Swan accused the billionaires of trying to use their wealth to "distort public policy," apparently without any sense of irony, given that he was using his position as the second-most powerful politician in Australia to do the same.
It seems to me that Australia would benefit from a more sensible debate on how to ensure the mineral wealth is developed in a way that rewards the owners of capital that take the risks of developing projects as well the overall economy and citizens in general.
Debate in Australia appears to be driven by short-term political cycles, with federal elections every three years leading politicians to focus more on spin than sound policies.
Is the MRRT the best design that could have been implemented?
Will it raise sufficient revenue without leading to less investment, and will it help ensure the long-term viability of mining?
Should the revenue it raises be used to fund a one percentage point cut in the company tax rate, as Labor proposes, or would it be better put toward building a sovereign wealth fund?
These are all valid points for debate, but aren't getting a hearing in Australia currently.
Instead, as AngloGold's Cutifani pointed out, there is an unedifying mud-slinging match that does little to enhance the reputations of either Swan or his targets.
On Tuesday Editor-in-Chief of Reuters News Stephen J. Adler interviewed Jack Welch, CEO of Jack Welch, LLC at the 92nd Street Y. The topic of their conversation was “The Global Century.” To hear what they had to say please watch the video below.
Welch was named CEO of General Electric in 1981 and held the position for more than 20 years. During his tenure there the company’s market capitalization rose from $13 billion to $400 billion. In 2000, he was named “Manager of the Century” by Fortune magazine. In 2001, he wrote his number one New York Times and international best-selling autobiography, Jack: Straight from the Gut. Recently, he launched the Jack Welch Management Institute, a unique online MBA program.
Last night we honored our 2010 Journalists of the Year. What a moving ceremony it was, and I am so proud of the achievements of our winners.
As I look back on 2010, my final full year as Reuters Editor-in-Chief, I’m struck by how journalists and news organizations have been challenged with a steady stream of high-impact, global stories. The 3,000 men and women of Reuters answered those challenges.
By David A. Schlesinger
Another year has sped by with more change and economic uncertainty throughout the global markets. From a journalist’s viewpoint, 2010 has been filled with some of the most dynamic and complex stories to cover — the euro zone debt crisis, the U.S. midterm elections, currency wars, heart-warming heroism such as the Chile miners rescue and heart-breaking tragedies like that of the Haiti earthquake.
As a news organization during these turbulent times, Reuters has invested aggressively in transforming our news priorities and coverage tactics to ensure we are meeting the needs of the 21st century professional audience. Our aim is to best understand your workflow — what news you use, when you use it and how we can package and present our stories to best suit your needs.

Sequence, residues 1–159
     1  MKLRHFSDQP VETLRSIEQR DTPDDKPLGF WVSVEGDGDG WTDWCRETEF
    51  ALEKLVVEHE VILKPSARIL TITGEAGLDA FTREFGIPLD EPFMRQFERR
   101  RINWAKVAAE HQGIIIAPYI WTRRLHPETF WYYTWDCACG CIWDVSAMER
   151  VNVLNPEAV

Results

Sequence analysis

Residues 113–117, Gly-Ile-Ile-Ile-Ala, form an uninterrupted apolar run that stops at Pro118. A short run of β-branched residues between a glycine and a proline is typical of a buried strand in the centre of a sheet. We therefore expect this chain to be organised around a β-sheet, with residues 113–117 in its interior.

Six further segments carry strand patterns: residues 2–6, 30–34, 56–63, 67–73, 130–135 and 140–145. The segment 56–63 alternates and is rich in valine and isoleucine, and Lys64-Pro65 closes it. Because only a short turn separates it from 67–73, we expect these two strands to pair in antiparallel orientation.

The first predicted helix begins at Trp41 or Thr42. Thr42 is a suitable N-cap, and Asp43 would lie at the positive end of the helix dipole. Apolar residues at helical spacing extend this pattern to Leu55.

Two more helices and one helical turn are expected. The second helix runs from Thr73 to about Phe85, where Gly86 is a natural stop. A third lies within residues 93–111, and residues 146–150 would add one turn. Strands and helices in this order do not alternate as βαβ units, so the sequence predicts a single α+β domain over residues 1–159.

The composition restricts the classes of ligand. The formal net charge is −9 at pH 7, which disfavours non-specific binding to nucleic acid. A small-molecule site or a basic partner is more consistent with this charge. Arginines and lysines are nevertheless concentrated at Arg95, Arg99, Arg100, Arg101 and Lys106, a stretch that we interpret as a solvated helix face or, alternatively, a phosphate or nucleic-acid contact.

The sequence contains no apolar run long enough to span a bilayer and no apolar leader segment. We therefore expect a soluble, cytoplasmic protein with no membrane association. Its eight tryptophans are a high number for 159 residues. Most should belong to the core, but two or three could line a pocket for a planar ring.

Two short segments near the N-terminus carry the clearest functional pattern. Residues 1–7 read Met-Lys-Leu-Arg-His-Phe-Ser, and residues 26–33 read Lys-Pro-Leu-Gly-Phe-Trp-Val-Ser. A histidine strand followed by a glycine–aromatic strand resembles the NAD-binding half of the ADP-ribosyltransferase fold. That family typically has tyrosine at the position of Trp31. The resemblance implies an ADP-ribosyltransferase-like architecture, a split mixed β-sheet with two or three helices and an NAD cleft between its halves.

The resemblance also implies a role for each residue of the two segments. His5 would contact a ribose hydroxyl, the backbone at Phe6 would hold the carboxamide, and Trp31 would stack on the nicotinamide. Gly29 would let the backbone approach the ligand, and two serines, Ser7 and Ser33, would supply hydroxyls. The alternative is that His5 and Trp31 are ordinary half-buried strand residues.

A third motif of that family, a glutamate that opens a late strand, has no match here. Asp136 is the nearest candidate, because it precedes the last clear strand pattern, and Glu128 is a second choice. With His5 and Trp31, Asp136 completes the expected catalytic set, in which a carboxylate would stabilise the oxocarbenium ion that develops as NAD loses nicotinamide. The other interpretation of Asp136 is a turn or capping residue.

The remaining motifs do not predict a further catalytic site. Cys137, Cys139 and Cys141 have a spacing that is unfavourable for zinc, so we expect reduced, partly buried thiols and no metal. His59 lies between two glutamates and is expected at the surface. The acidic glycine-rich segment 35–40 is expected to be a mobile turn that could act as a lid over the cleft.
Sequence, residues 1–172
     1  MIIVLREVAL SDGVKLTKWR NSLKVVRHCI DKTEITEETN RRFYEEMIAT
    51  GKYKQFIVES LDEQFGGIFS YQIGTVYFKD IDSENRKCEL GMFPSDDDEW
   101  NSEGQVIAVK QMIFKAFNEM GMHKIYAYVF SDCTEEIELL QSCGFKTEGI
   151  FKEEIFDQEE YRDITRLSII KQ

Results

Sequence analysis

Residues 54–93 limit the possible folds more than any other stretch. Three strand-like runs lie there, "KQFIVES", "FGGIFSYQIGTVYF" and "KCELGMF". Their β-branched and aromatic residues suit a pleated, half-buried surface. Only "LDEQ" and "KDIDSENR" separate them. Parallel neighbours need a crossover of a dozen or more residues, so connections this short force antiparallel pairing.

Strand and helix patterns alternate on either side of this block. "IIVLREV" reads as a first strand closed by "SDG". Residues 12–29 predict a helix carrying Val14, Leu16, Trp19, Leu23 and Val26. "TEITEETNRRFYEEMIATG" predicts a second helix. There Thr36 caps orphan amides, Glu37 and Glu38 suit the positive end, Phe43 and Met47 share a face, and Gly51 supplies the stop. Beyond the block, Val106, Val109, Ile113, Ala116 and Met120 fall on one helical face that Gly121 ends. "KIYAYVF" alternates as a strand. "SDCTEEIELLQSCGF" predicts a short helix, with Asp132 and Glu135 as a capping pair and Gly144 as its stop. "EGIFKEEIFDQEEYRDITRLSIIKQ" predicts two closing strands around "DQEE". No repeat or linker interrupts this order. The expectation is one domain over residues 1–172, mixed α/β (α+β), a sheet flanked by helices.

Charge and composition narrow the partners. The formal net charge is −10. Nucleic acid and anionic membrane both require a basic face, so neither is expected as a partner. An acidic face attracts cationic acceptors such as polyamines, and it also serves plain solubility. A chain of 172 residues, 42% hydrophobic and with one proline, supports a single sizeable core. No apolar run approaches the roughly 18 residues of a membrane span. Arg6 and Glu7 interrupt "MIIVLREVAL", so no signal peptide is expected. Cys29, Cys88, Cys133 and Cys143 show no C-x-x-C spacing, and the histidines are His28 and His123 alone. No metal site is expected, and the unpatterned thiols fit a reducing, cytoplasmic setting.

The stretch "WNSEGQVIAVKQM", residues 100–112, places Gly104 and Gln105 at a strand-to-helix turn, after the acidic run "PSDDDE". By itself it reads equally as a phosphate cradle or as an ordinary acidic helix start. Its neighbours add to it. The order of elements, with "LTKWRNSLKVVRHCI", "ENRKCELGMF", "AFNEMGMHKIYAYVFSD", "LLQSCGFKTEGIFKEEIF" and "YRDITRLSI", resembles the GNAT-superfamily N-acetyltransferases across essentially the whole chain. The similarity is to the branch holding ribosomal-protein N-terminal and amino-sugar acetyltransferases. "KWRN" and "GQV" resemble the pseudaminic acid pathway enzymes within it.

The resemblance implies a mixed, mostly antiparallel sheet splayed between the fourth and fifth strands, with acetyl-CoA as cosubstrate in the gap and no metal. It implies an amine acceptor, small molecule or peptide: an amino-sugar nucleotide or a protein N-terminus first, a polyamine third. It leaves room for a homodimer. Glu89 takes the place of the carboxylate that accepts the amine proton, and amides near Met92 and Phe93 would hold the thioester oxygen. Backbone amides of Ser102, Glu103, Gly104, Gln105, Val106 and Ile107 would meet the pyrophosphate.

Below is the keynote speech Editor-in-Chief David Schlesinger delivered today to the International News Safety Institute
Death came screaming out of the sky on July 12, 2007.
Two Apache helicopter gunships operating more than 500 metres away from a group of men fired their 30 mm cannon and that was it.
This is the text of a talk I gave to a seminar hosted by the Reuters Institute for the Study of Journalism in Oxford on October 22nd.
Challenges of reporting politics for an international audience
I am not here to talk about what I don’t know so I will largely reflect on my work at Reuters, although I hope to offer insights that might apply to other news organisations that distribute across borders, in particular other international news service such as Dow Jones and Bloomberg, but perhaps also the Financial Times, the Economist, or even the BBC World Service.
The UK’s Media Standards Trust asks if it matters that there is less foreign reporting being done by British reporters and printed in the British press. Yes, according to David Loyn, the BBC’s International Development correspondent and author of a foreword to an MST report entitled ‘Shrinking World’. Ignorance encourages insular values, aka prejudices, and the British voter will be discouraged from developing the understanding needed to cope in a fast-changing world, argues Loyn.
US journalism academics have long lamented that US newspapers can no longer afford the large networks of foreign correspondents they once deployed and have speculated on the cost to society of poor decision-making driven by the ignorance of the electorate. The MST’s report tries to quantify the extent of the decline of foreign stories in the UK print media (40 percent over three decades) but does not venture similar gloomy political analysis. Apart from Loyn’s concerns, the MST’s Martin Moore suggests just that extensive awareness of foreign issues will become the preserve of elites who read the likes of the Financial Times and the Economist, which have made a selling point of maintaining international coverage. Perhaps the difference between the US and Britain is the continued public service mission of the BBC that requires it to provide independent and impartial foreign reporting, which still has a large domestic audience on radio and television. There is no equivalent in the US, where mainstream television offers a selective and incomplete view of foreign news and NPR’s strong reporting has limited reach.